“If you walk around the city, you’ll see the industry, and the city, are changing,” said Melissa Fleischut, director of the New York State Restaurant Association. “There are vacant storefronts. There are more fast-casual restaurants, and fewer full-service restaurants.”
Do wage hikes really lead to fewer Veselkas and more Chipotles?
At the Long Island hearing, Sylvia Allegretto, a University of California-Berkeley labor economist, testified that, in the seven states where tipped workers earn the full minimum wage, employment growth in full-service restaurants outpaced overall private-sector growth by an average of 5 percent.
But that’s not a perfect comparison. In those states, whenever there’s a minimum wage increase, all workers are affected. That means that any bump in menu prices, prompted by higher wages, are offset by customers’ higher purchasing power. Not so in New York, where in abolishing the tip credit, the state would raise only the wages of restaurant workers.
Servers would brace for a pay cut.
In prior hearings, scores of servers testified that they already earn well above minimum wage. The same was true in New York City. Reoli, the Veselka server, claimed average earnings of close to $30 an hour. He said removing the tip credit will end that.
But is that actually true? Do tipped workers earn less when their wages rise? Smith, the former labor commissioner, doesn’t think so.
“You’ve heard claims that raising the tipped minimum wage, and eventually eliminating it, is gonna hurt tipped workers’ bottom lines,” she said. “I looked at the peer-reviewed economic studies, and it does not support that claim.”
The sceptre of Danny Meyer’s no-tipping model, which was introduced to correct wage inequity in his restaurants, and resulted in lost earnings for servers, loomed large: Coalitions of servers foisted signs and chanted “don’t touch our tips!” at a rally before the hearing. Even though the state insists the hearings are not a referendum on tipping, many perceive more tip bans as an inevitable outcome. Michael Saltsman, managing director of the Employment Policies Institute, a think-tank that campaigned against Initiative 77 in Washington, D.C., testified that one in seven restaurants would pursue a no-tipping model if the tip credit was eliminated.
That’s bad for tipped workers, said Sarah Ahn, an organizer with the Flushing Workers Center, which represents low-wage immigrant workers, and has advocated for raising the tipped minimum wage and increased wage theft enforcement. In Flushing, Queens, where at least one dim sum restaurant has adopted the model, servers complained that increased wages meant to compensate for lost tips resulted in lower overall earnings, she told The New Food Economy.
“That’s a decrease in wages, no matter what way you cut it,” she said. “The vast majority of our workers rely on tips.”
Deliverymen would get a boost.
Lawyers, advocates, and workers associated with Make the Road New York, an immigrant rights group that works closely with Latinos, said the tip credit makes their members vulnerable to exploitation. Kathy Amiliategui, an organizer, told of working with a restaurant server in Jackson Heights, Queens who didn’t know that $8 an hour was below minimum wage.
“When workers come ask for help, they always ask, ‘What should they pay me? What’s the minimum wage?’” she testified. “It’s a simple question, and yet for tipped workers, it’s an unnecessarily complicated answer. It’s nearly impossible for workers to enforce their labor rights when the minimum wage is so convoluted.”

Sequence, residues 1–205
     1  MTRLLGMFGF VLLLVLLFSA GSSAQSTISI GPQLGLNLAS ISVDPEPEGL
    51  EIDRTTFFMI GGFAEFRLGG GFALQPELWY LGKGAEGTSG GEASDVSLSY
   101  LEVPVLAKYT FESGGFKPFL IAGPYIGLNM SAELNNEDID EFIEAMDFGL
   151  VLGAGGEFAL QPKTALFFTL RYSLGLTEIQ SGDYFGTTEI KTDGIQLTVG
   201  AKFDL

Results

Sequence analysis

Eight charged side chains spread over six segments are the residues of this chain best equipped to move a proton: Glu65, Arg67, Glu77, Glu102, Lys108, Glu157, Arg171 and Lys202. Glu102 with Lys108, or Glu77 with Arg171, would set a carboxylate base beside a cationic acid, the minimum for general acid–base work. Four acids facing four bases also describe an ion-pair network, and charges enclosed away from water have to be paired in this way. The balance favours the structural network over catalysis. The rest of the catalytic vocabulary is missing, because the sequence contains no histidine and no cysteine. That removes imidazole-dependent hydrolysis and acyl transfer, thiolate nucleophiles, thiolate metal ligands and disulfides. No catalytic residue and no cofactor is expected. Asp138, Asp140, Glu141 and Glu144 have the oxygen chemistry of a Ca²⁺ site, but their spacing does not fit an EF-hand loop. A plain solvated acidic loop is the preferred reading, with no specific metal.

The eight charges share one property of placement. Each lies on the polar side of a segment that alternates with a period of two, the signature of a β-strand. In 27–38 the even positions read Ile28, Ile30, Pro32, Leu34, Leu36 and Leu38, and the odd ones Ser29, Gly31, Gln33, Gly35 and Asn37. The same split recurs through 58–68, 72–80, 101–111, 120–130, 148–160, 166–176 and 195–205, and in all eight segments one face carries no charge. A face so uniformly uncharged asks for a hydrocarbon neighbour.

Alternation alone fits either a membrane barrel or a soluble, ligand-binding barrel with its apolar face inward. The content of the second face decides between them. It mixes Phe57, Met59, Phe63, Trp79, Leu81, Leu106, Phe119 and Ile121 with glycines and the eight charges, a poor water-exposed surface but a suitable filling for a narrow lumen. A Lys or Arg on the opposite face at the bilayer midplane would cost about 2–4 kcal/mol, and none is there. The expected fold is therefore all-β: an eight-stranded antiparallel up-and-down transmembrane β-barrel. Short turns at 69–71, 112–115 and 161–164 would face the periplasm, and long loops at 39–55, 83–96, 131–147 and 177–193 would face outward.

On average, delivery workers of color in New York City are tipped less than white delivery workers, and earn under $11 an hour, said Mel Gonzalez, an attorney with the organization. That’s well below the minimum wage, but employers get away with it by convincing the workers that customers should be making up the difference, he testified.
Sexual harassment would decline.
Would ending the tip credit end sexual harassment? Probably not. But it would help.
Advocates, attorneys, and servers all point out that tips, dangled like a carrot, make women more vulnerable to sexual harassment from customers. If workers don’t depend on tips to earn a minimum wage—which in New York City would be $15 an hour—then they won’t have to put up with harassment from customers, the thinking goes.
Saru Jayaraman, director of Restaurant Opportunities Center (ROC) United, which pushed Initiative 77 in D.C., said tipped workers, who are predominantly women, suffer the highest rates of sexual harassment in the industry.
“We are the source of the largest number of charges to the EEOC,” she said. “And that is because a woman has to rely on tips to feed her family, she has to tolerate all kinds of inappropriate customer behavior, to do that.”
Noreen Farrell, executive director of Equal Rights Advocates, pointed to data that show over 80 percent of restaurant workers in New York have experienced “unwanted sexual attention,” as compared to 32 percent of workers in California.
“The difference is that New York’s two-tier system promotes sexual harassment, and it disproportionately affects women workers,” she said. “It incentivizes bosses to turn a blind eye to sexual harassment.”
Those statements—along with similar comments made by representatives from the National Organization for Women, and the ACLU Women’s Rights Projects—were greeted with boos, scoffs and spittakes from the audience.
Correction: An earlier version of this article erroneously identified Noreen Farrell as executive director of the Equal Rights Association. The organization is called Equal Rights Advocates.